HENRI MATISSE (1869-1954)
HENRI MATISSE (1869-1954)

La Danse

Details
HENRI MATISSE (1869-1954)
La Danse
etching in colors, on Rives BFK paper, 1935-6, signed in pencil, numbered 48/50 (there were also 5 artist's proofs), with full margins, in very good condition, framed
Image: 9 ¼ x 29 1/8 in. (235 x 740 mm.)
Sheet: 11 ¾ x 31 5/8 in. (300 x 805 mm.)
Literature
Duthuit 247

Lot Essay

Henri Matisse considered his prints as a vehicle to sharing his visual motifs with a broader audience. Jay McKean Fisher noted, “Prints gave Matisse a way to share with audience the way he saw, transforming what he observed, synthesized reality with the process of perception. While his paintings and sculpture appeared in major museums in the United States and abroad, his printed extended the uniqueness of his vision for many collector’s more intimate contemplation.” (Jay McKean Fisher, Matisse as Printmaker; Works from the Pierre and Tana Matisse Foundation, American Federation of Arts, 2009. Often Matisse reintroduced or reworked previous subjects through the lens of printmaking. In the first of the artist’s two aquatints in colors, he returned to his monumental and iconic painting, La Danse, first commissioned for Dr. Albert Barnes’ famous home and collection in Merion, Pennsylvania.

Prior to 1936, Matisse had only created one aquatint in 1931. His graphics were primarily done in etching, drypoint, and lithography with a few early experiments in woodcut. In 1936 though, Matisse expanded his range to aquatint. The majority of his aquatints, like his previous prints, were conceived and etched in black and white. Like his works on paper with India ink, Matisse brushed aquatint grains on to a plate to create the reduced outlines and forms of his subjects. For his color works, the aquatint was applied to enhance the artist’s etching. La Danse was Matisse’s first project with the famous printer, Roger Lacourière. The printer specialized in aquatint which allowed artists to create tonal gradations and even brushstrokes. At approximately the same time Lacourière was beginning to work with Matisse, he was also engaged with Picasso to create the Vollard suite.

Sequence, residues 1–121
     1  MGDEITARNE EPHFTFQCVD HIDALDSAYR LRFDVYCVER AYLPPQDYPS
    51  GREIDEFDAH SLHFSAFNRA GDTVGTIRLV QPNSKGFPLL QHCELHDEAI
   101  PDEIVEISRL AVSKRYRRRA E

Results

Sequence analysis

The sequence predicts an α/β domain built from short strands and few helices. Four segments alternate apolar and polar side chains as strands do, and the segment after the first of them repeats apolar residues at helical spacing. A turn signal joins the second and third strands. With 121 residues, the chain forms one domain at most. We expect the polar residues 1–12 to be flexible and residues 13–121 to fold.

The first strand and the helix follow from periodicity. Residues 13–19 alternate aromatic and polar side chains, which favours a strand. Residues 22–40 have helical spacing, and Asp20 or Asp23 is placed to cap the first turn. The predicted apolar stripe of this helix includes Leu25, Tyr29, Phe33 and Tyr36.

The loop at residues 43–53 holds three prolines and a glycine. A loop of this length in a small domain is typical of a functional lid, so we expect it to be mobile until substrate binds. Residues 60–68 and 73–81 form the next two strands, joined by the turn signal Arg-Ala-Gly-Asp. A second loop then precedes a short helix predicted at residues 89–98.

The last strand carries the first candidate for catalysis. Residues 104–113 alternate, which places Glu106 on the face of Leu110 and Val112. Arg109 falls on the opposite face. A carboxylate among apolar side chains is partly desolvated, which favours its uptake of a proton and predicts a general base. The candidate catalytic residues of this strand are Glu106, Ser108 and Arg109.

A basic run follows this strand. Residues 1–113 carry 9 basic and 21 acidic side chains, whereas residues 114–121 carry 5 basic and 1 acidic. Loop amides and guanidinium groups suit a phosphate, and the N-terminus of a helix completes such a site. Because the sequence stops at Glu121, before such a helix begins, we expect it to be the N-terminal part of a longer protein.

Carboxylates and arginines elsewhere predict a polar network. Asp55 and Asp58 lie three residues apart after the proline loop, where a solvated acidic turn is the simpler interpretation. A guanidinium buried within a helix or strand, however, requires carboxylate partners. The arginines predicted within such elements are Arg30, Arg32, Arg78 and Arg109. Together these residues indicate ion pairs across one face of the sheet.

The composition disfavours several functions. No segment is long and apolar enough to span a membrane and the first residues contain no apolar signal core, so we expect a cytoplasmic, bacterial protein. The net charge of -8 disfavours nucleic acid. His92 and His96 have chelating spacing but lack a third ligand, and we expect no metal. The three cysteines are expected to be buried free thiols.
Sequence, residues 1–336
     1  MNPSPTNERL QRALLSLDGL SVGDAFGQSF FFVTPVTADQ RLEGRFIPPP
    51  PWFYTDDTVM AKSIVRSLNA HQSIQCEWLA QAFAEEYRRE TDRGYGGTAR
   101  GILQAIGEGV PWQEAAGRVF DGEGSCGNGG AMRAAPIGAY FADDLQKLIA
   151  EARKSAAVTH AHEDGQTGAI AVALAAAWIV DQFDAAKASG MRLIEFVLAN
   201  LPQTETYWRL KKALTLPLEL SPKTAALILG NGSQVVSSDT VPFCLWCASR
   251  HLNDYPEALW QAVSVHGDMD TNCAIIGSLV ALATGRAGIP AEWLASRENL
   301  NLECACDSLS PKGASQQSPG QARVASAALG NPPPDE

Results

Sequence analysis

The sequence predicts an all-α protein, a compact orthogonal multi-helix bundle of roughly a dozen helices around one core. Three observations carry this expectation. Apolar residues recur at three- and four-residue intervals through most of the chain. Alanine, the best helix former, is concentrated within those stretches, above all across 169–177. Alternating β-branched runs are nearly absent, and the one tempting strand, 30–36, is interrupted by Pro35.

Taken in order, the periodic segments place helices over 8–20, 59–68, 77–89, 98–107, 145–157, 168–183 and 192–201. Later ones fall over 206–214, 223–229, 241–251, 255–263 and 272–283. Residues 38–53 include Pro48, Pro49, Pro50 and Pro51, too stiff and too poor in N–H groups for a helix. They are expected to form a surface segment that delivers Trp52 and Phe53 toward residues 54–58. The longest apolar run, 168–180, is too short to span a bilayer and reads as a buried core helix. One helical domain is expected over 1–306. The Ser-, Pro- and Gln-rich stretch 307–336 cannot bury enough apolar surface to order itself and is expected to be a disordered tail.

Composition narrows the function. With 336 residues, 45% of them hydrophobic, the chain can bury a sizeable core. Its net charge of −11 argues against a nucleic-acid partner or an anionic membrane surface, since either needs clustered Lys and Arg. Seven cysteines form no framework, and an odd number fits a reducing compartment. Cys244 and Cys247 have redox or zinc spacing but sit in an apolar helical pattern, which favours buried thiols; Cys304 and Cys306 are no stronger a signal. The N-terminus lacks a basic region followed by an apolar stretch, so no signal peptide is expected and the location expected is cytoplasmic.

For La Danse, Matisse returned to the mural created in 1932. He worked on the mural in his studio in Nice France, since he was not permitted to work on site in his patron’s home. The mural was divided as a triptych to sit in three bays. The project encountered several technical and personal hardships. Ultimately, Matisse was forced to execute a second version, since the first painting did not adequately fit into the designated space. Matisse was further dismayed to learn that the work would not be publicly available. Matisse was known to have been quite pleased and proud of his composition. For the print executed 1935-36, he returned to the design for the first version of La Danse. Matisse etched the outlines of the dancers and the three bays. Lacourière applied the aquatint to add the flat color fields. As a result, Matisse made his iconic image originally conceived for a private space available to be viewed by a broader audience.
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